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MINNEAPOLIS (AP) — The Minnesota Timberwolves have signed rookie center Naz Reid to a multiyear contract, upgrading the two-way deal they initially gave him before a strong performance for the team’s entry in the NBA Summer League in Las Vegas.

The new contract, completed Thursday, all but ensures that Reid will be on the regular-season roster, after going undrafted out of LSU.

Jon Krawczynski of The Athletic broke the story.

The 6-foot-10, 250-pound Reid averaged 11.9 points and 5.4 rebounds in 18.6 minutes over seven summer league games against other clubs largely composed of rookies and second-year players. The Timberwolves’ team reached the championship game.

Reid averaged 13.6 points and a team-high 7.2 rebounds in his lone season at LSU, which reached the Sweet 16 of the NCAA Tournament.

Bulls bring back Shaquille Harrison on one-year contract

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Shaquille Harrison started last season as an afterthought at the end of the Chicago Bulls’ bench. Then, because Cameron Payne was not good and Kris Dunn got injured (and was really not that good, either), Harrison got his chance — and took it. He was a defender Fred Hoiberg and then Jim Boylen could trust, and he played in the final 72 Bulls games last season at almost 20 minutes a night.

He will be back with the Bulls next season, the team announced.

While not announced, this is a one-year minimum contract. The Bulls waived Harrison back on July 6 as they remade the roster, but Harrison played one game at Summer League for the Bulls and they decided to bring him back.

Harrison is a Boylen favorite — he plays hard and defends well — and while minutes will be harder to come by behind Tomas Satoransky and Coby White, Harrison is a guy Boylen wants on the bench.

Dunn is on the roster at point guard, too, but the Bulls are rumored to be looking to trade him and his $5.4 million salary. Chicago will likely have to throw in a sweetener, like a decent second-round pick, to make that happen.

Nike countersues Kawhi Leonard over ‘Klaw’ logo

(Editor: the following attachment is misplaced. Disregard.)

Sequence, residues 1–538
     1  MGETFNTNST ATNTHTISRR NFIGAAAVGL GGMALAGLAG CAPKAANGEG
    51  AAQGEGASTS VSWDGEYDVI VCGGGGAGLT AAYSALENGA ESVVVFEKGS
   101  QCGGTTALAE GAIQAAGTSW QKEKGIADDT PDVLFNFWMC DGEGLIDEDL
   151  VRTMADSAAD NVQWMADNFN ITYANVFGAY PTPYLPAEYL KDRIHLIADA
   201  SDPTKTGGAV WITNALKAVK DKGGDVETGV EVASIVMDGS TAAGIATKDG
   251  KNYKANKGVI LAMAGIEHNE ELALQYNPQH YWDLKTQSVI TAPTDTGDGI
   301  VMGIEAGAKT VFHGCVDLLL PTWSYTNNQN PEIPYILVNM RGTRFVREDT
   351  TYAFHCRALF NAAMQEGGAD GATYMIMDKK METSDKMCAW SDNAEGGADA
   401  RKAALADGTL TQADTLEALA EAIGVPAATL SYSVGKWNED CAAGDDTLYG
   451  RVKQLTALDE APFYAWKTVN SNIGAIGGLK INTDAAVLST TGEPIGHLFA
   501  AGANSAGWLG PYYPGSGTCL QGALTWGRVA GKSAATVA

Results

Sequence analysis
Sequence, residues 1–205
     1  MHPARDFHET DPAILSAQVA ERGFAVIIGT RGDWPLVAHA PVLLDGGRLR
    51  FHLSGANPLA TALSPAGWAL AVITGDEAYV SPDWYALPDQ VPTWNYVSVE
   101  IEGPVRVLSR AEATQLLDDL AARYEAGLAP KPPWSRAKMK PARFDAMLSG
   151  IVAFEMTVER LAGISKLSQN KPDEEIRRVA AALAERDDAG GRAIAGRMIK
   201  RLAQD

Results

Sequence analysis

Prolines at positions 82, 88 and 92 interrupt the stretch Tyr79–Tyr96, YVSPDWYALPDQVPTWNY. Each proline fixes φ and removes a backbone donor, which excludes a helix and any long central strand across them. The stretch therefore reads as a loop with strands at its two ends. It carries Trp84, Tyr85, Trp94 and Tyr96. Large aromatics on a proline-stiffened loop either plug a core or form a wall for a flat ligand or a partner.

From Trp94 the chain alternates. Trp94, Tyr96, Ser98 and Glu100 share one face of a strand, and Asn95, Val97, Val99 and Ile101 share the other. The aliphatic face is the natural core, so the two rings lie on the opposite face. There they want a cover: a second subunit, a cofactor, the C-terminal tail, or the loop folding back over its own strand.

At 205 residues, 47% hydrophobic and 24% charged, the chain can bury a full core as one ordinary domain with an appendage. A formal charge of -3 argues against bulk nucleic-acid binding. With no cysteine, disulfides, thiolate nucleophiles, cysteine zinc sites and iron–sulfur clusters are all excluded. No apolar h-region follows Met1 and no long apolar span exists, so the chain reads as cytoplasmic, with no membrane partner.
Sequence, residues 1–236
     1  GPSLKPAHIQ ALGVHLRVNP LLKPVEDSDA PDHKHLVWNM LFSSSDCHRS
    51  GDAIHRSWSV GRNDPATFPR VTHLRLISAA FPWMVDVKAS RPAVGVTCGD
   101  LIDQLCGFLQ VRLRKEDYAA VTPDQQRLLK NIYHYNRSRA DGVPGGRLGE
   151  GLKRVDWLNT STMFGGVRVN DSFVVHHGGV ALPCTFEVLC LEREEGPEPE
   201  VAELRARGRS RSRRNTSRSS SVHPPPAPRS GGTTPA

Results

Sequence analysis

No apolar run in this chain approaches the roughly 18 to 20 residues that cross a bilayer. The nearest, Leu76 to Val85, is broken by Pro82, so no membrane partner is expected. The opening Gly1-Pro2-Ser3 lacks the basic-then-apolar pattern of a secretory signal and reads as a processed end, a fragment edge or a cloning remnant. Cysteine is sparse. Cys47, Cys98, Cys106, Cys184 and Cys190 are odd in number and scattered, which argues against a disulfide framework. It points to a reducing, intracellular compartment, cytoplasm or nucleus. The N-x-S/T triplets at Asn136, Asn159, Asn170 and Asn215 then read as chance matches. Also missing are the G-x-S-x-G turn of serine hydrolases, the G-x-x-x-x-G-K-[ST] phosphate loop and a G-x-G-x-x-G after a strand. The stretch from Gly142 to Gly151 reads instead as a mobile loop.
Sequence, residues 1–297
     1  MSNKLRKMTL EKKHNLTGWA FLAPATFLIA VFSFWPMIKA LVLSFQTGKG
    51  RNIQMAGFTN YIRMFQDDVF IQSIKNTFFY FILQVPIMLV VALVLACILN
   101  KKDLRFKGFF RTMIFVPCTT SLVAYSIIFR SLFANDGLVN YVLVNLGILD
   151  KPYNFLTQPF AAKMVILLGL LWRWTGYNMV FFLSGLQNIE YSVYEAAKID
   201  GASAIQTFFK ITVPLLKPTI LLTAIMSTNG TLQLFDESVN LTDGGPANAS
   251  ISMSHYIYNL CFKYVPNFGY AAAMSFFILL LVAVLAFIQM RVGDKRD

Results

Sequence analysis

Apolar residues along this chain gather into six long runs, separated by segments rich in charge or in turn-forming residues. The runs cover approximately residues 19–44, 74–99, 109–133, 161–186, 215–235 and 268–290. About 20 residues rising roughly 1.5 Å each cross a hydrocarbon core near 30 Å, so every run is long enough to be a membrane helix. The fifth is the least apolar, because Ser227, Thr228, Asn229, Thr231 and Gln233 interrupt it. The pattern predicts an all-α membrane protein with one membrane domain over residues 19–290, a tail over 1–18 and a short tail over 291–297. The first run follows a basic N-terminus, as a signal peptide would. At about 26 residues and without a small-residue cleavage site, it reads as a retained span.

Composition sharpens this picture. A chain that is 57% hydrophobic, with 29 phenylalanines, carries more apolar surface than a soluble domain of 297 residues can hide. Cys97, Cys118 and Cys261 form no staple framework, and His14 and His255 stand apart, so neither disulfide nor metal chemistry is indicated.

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“My mind on my money and my money on my mind.”
—Snoop Dogg

Nike and Kawhi Leonard are going to court over control of his “Klaw” logo, and it’s all about money and brand.

Leonard left Nike last season, eventually signing with New Balance, and he wants to be able to market his Klaw logo as part of his line with his new company. Leonard and his representatives sued Nike for control of the logo, saying Leonard came up with it in his own drawings.

Nike has countersued and said Leonard did not design the logo. Tim Bontemps of ESPN had these quotes from the countersuit itself.

“In this action, Kawhi Leonard seeks to re-write history by asserting that he created the ‘Claw Design’ logo, but it was not Leonard who created that logo. The ‘Claw Design’ was created by a talented team of NIKE designers, as Leonard, himself, has previously admitted…

“In his Complaint, Leonard alleges he provided a design to NIKE. That is true. What is false is that the design he provided was the Claw Design. Not once in his Complaint does Leonard display or attach either the design that he provided or the Claw Design. Instead, he conflates the two, making it appear as though those discrete works are one and the same. They are not.”

TMZ posted the designs.

I’m not about to guess what a judge would decide in this case. Most likely, this gets settled one way or another.

Meanwhile, New Balance is trying to come up with a new slogan for Leonard and his gear. King of the North is now out after his move to the Los Angeles Clippers this summer.

J.R. Smith reportedly meets with Bucks to talk contract

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After five seasons in Cleveland, the Cavaliers waived J.R. Smith. The 34-year-old veteran wing is not part of the Cavaliers future, and by waiving him before the guarantee date they only had to pay him $4.4 million of this $15.7 million salary.

That makes Smith a free agent.

He sat down with the Bucks on Thursday, according to Shams Charania of The Athletic.

The Bucks can only offer minimum contracts at this point.

Smith will turn 34 before next season starts and his skills are in decline, he shot just 30.8 percent from three last season. The Bucks will likely start Khris Middleton and Wesley Matthews on the wing with Sterling Brown, Pat Connaughton, and Donte DiVincenzo behind them. They have the roster spot to make the addition. The questions are does Smith fit, does he want the small role that’s really available, and how often will he wear a shirt around the facility?